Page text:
Vail Daily obituary: John R Deane Jr., 1919-2013
Ryan Summerlin August 7, 2013
John R. (Jack) Deane Jr., was born in San Francisco on June 8, 1919. A third-generation San Franciscan, he was the son of John R. (Russ) and Margaret Wood (Margie) Deane. His father was a career Army officer, thus Jack grew up at many different stations: Fort Davis, Panama Canal Zone; Berkeley, Calif.; Fort Benning, Ga.; Tientsin, China; Fort Snelling, Minn.; Fort Leavenworth, Kan.; and Fort Wadsworth, N.Y.
His tremendous admiration for his father and his respect for the values and integrity of his father’s colleagues led Jack to make up his mind, by age 10, to be an Army officer. From this point on, his academic focus was on gaining admission to West Point.
As his final step in getting into West Point, Jack enlisted in the 16th Infantry in 1937. He served in G Company at Fort Jay on Governors Island in New York Harbor, where he learned to polish his brass and shine his shoes to the perfection required to serve as honor guards at Irish wakes and Polish weddings — choice duties, in New York City. He won entrance to the West Point Prep School at Fort Dix, N.J., and later won the highest ranking admission of both the presidential and Army appointments to West Point. He entered West Point on July 1, 1938.
Jack felt his enlisted service was probably the most important year of his professional life. He learned about soldiers, and what motivated them, from his girst sergeant, 1st Sgt. Oliver, who served as an inspiration to Jack throughout his career. His enlisted service was instrumental in developing the leadership qualities that led to his becoming a cadet company commander and captain of the Army polo team while at West Point.
The United States had been in World War II for six months when Jack was commissioned. He was assigned to the 104th (Timberwolf) Division, a division which became famous for its night fighting prowess. The division offered Jack the opportunity for rapid advancement — from second lieutenant platoon leader in 1942 to lieutenant colonel and battalion commander in combat, at age 25, in early 1945. During this period Jack was awarded the Silver Star upon the recommendation of Brig. Gen. Bryant E. Moore, the assistant division commander, who came originally from Gouldsboro, Maine, a fact unknown to Jack until he retired there some 50 years later. Jack also received the Bronze Star with V Device, the Purple Heart, the Combat Infantry Badge, and was recommended for the Distinguished Service Cross, which he did not receive due to clerical oversight. After the division returned home to train for the invasion of Japan, the war ended and Jack was assigned to Headquarters, U.S. Army, European Theater, where he was responsible for the establishment and operation of a major espionage apparatus.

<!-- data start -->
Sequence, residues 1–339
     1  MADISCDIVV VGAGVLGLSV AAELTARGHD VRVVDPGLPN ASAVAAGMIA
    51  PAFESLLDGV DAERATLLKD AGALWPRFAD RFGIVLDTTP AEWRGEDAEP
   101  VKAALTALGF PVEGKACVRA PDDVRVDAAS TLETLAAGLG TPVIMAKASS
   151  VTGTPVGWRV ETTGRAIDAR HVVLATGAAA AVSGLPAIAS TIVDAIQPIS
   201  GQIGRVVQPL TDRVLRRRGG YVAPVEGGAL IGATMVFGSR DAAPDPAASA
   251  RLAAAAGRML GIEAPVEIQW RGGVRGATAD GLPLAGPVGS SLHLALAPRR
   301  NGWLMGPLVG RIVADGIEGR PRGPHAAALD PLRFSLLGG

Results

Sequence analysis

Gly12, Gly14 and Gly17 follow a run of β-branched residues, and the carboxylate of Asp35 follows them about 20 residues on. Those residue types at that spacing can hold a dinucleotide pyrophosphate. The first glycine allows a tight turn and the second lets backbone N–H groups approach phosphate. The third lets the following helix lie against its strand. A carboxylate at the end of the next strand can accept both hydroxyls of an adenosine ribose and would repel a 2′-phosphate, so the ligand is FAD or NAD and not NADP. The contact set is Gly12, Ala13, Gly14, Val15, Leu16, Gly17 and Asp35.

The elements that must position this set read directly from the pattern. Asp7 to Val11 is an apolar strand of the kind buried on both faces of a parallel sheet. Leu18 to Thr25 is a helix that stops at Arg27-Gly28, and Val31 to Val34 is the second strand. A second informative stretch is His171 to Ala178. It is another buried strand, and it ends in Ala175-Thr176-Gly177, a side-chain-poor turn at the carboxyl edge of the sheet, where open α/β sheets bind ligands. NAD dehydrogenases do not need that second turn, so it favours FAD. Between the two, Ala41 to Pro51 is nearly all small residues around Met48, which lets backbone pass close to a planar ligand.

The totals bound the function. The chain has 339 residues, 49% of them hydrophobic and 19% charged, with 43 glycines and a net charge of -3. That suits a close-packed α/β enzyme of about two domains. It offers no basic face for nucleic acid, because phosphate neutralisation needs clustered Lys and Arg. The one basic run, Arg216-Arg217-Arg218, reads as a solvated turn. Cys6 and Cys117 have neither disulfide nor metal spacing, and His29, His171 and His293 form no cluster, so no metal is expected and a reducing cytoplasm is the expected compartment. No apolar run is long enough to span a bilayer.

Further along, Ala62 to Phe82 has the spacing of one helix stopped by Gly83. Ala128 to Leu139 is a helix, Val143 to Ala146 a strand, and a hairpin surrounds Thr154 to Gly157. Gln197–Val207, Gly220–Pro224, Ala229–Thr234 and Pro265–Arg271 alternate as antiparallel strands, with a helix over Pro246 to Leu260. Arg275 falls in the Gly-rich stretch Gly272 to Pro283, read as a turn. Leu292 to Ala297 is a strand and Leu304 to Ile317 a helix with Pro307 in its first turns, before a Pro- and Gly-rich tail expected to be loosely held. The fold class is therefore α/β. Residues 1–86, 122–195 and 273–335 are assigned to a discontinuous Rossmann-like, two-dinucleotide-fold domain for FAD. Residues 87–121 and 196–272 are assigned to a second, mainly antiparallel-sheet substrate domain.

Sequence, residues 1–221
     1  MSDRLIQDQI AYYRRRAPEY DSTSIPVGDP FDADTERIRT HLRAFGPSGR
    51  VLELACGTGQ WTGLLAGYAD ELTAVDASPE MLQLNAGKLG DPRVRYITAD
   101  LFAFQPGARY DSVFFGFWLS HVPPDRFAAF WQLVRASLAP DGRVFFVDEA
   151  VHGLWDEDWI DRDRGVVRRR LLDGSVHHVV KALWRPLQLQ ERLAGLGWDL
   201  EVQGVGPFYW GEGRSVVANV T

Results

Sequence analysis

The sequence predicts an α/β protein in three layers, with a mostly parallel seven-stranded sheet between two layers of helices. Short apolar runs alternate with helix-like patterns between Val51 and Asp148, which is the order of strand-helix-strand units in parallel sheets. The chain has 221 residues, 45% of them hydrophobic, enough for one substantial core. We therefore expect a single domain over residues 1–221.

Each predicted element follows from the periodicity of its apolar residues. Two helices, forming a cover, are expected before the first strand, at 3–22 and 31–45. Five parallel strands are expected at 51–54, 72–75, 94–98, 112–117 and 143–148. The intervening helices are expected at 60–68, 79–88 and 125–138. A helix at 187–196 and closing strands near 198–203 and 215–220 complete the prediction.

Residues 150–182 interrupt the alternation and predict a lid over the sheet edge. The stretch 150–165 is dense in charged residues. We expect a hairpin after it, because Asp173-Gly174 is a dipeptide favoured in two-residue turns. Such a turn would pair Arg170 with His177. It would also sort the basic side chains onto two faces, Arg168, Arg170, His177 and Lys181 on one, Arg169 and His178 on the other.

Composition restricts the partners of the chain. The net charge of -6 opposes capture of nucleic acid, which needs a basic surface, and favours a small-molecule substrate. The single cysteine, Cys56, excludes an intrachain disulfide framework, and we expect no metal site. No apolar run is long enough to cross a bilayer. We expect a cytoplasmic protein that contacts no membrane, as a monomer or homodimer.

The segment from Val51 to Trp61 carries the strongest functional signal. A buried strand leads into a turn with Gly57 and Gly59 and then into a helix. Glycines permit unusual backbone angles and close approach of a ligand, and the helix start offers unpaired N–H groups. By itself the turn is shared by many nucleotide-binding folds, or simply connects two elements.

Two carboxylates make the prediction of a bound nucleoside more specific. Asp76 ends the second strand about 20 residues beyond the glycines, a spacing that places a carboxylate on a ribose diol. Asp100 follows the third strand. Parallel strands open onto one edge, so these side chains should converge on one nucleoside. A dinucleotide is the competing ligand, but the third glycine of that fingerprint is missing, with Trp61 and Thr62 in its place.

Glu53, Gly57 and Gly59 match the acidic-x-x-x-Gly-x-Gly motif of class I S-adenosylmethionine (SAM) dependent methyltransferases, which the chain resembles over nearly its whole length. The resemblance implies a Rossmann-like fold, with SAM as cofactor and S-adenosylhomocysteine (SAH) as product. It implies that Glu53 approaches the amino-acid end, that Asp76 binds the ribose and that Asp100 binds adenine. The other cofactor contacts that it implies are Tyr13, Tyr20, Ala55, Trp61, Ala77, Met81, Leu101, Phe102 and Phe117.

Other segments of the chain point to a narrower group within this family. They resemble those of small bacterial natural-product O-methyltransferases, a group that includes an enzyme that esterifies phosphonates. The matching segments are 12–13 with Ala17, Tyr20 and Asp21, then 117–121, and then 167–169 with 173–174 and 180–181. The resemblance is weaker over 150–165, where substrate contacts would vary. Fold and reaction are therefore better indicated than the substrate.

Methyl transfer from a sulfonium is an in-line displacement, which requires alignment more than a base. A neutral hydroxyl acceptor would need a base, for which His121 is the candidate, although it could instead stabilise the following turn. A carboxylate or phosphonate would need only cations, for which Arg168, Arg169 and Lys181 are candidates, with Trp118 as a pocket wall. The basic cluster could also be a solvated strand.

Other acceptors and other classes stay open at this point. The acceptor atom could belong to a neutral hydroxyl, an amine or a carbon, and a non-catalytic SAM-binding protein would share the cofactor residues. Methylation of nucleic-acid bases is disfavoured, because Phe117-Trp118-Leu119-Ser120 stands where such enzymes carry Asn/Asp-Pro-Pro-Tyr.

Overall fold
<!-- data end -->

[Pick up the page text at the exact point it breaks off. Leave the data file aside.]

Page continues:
Jack returned to Washington in 1947 and served for five years in Army War Plans and as the executive officer to the secretary of the Army. Next, in 1952, it was off to the Command and General Staff College at Fort Leavenworth, Kan.
In 1953, Jack went to Korea. The war there had just ended and he joined the Armistice Commission as chief of plans until moving on to command the Second Battalion of the 17th Infantry. He returned to the States in 1955 and attended the Armed Forces Staff College.
Jack was assigned as the chief of plans and programs under the chief of research and development, Lt. Gen. Jim Gavin, in 1957. From the Pentagon, Jack went to the National War College, Class of 1959.
In mid 1959 he returned to Germany for assignments as chief of plans and programs in Headquarters, U.S. Army, Europe and later as commander of the Second Battle Group, 6th Infantry stationed in Berlin. Jack was in Berlin when the Berlin Wall was erected. During the first day of its construction, he went through every entry point into East Berlin at least once to demonstrate that the United States would not be denied its right of access to all parts of Berlin. He was the first American officer to go through any entry point that day and pictures of his first foray were published worldwide.
A few weeks later, the East Germans announced that anyone approaching within 100 meters of the Wall would be shot. Jack was directed to challenge this ultimatum. Jack had a rifle squad meet him at Check Point Charlie, the main and most famous of entry points from the U.S. Sector into East Berlin. He led this squad on a one-mile patrol along and within 10 meters of the Wall without incident. This squad received no publicity although they had completed what was, at the time, potentially the most hazardous mission associated with the standoff of the Eastern Bloc and U.S. forces at the Wall. Only a later confrontation of U.S. and Soviet tanks at Check Point Charlie approached the level of potentially explosive hazard of this first mission.